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Non-farm entrepreneurship in rural sub-Saharan Africa: New empirical evidence

View Article: PubMed Central - PubMed

ABSTRACT

We report on the prevalence and patterns of non-farm enterprises in six sub-Saharan African countries, and study their performance in terms of labor productivity, survival and exit, using the World Bank’s Living Standards Measurement Study - Integrated Surveys on Agriculture (LSMS-ISA). Rural households operate enterprises due to both push and pull factors and tend to do so predominantly in easy-to-enter activities, such as sales and trade, rather than in activities that require higher starting costs, such as transport services, or educational investment, such as professional services. Labor productivity differs widely: rural and female-headed enterprises, those located further away from population centers, and businesses that operate intermittently have lower levels of labor productivity compared to urban and male-owned enterprises, or enterprises that operate throughout the year. Finally, rural enterprises exit the market primarily due to a lack of profitability or finance, and due to idiosyncratic shocks.

No MeSH data available.


Productivity dispersal – by region and distance.
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f0015: Productivity dispersal – by region and distance.

Mentions: Fig. 3a confirms our expectations. Kampala reports the highest labor productivity, with the Central region following in terms of productivity level. The Northern region, with the lowest population density and a history of conflict, is home to the enterprises with the lowest productivity.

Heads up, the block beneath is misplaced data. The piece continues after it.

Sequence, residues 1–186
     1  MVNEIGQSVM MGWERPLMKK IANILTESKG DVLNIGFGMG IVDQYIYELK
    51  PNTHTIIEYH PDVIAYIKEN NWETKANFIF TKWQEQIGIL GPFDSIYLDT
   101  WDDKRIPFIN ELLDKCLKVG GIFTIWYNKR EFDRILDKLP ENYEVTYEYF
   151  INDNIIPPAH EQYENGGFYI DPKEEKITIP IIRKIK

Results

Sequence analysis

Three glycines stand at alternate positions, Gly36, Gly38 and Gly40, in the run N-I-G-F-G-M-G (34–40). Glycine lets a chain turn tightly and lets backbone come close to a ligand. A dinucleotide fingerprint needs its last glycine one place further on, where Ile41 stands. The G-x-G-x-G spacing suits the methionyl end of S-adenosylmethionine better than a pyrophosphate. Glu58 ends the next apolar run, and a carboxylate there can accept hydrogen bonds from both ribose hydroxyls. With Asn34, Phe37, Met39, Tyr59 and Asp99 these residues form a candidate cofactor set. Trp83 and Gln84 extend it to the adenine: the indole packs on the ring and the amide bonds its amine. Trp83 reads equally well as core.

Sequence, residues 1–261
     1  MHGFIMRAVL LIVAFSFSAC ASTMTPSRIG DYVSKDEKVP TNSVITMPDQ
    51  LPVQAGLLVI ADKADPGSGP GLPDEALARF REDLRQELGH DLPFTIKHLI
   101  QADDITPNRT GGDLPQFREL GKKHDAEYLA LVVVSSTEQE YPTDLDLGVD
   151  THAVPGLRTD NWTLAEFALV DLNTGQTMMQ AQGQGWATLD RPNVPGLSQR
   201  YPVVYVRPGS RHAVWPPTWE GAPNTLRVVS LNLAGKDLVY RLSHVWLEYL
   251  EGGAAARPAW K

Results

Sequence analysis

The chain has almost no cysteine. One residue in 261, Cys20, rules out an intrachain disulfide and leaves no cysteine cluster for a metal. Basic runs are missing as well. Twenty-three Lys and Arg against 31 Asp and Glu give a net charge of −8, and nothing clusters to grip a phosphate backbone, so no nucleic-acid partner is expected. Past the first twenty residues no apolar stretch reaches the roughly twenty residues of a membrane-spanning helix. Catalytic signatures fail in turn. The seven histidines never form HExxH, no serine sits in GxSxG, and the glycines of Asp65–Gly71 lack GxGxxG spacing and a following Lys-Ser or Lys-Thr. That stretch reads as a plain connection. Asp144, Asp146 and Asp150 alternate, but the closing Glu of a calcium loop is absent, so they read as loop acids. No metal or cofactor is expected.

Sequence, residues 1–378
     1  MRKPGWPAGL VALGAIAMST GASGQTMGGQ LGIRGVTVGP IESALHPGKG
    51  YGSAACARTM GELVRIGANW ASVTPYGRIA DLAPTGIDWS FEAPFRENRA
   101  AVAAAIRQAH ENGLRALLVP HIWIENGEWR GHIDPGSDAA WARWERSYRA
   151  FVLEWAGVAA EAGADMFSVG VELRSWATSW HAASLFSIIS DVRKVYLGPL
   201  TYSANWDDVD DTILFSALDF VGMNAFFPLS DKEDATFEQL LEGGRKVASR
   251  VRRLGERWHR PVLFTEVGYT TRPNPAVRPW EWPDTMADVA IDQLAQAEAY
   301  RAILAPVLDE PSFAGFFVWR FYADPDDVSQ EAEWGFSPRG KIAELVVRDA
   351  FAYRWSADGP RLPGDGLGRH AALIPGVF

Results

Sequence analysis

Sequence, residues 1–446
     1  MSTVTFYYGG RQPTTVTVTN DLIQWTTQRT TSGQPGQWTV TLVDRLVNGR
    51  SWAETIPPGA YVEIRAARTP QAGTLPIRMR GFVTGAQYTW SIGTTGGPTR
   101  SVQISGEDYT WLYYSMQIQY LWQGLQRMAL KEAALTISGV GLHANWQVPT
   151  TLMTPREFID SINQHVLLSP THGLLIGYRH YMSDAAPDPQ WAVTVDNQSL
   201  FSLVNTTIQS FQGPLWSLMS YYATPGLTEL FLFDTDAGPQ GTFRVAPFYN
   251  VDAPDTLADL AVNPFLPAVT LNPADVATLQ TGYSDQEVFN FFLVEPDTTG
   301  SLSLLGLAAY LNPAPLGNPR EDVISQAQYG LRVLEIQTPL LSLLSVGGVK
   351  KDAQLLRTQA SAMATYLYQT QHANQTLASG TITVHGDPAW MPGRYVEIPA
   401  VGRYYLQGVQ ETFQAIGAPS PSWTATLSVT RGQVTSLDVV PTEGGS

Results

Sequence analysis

Non-farm entrepreneurship in rural sub-Saharan Africa: New empirical evidence
Productivity dispersal – by region and distance.
© Copyright Policy - CC BY
Related In: Results  -  Collection

License
Show All Figures
getmorefigures.php?uid=PMC5384454&req=5

f0015: Productivity dispersal – by region and distance.
Mentions: Fig. 3a confirms our expectations. Kampala reports the highest labor productivity, with the Central region following in terms of productivity level. The Northern region, with the lowest population density and a history of conflict, is home to the enterprises with the lowest productivity.

View Article: PubMed Central - PubMed

ABSTRACT

We report on the prevalence and patterns of non-farm enterprises in six sub-Saharan African countries, and study their performance in terms of labor productivity, survival and exit, using the World Bank’s Living Standards Measurement Study - Integrated Surveys on Agriculture (LSMS-ISA). Rural households operate enterprises due to both push and pull factors and tend to do so predominantly in easy-to-enter activities, such as sales and trade, rather than in activities that require higher starting costs, such as transport services, or educational investment, such as professional services. Labor productivity differs widely: rural and female-headed enterprises, those located further away from population centers, and businesses that operate intermittently have lower levels of labor productivity compared to urban and male-owned enterprises, or enterprises that operate throughout the year. Finally, rural enterprises exit the market primarily due to a lack of profitability or finance, and due to idiosyncratic shocks.

No MeSH data available.